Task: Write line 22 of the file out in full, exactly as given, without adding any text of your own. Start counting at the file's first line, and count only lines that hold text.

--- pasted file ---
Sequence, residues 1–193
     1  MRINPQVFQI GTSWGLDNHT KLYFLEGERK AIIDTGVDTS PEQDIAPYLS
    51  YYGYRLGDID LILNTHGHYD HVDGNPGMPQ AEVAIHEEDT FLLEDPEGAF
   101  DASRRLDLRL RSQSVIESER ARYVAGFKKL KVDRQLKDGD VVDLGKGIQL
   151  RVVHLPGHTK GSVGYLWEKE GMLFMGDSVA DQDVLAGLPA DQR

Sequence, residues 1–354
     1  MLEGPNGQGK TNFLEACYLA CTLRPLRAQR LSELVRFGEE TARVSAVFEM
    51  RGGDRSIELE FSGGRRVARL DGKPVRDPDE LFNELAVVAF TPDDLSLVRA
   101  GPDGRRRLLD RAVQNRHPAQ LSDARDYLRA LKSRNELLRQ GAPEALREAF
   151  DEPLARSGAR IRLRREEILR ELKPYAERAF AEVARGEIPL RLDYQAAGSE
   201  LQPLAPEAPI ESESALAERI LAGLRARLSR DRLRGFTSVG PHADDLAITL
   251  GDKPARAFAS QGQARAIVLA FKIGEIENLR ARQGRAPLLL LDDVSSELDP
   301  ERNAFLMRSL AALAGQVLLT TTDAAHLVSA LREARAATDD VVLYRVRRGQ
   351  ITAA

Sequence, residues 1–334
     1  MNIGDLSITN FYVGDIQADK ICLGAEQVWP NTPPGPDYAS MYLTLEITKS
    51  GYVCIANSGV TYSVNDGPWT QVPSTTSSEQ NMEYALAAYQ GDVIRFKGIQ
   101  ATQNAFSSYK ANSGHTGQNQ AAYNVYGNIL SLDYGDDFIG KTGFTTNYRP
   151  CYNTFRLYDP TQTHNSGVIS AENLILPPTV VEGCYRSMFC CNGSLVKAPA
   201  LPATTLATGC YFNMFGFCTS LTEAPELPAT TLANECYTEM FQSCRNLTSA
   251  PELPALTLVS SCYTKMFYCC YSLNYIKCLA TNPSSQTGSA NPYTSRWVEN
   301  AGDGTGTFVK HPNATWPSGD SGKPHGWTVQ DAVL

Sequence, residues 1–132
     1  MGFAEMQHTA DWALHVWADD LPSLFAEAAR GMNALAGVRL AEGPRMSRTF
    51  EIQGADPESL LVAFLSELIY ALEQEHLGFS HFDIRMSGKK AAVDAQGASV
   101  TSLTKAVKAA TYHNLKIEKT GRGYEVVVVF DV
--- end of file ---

   301  AGDGTGTFVK HPNATWPSGD SGKPHGWTVQ DAVL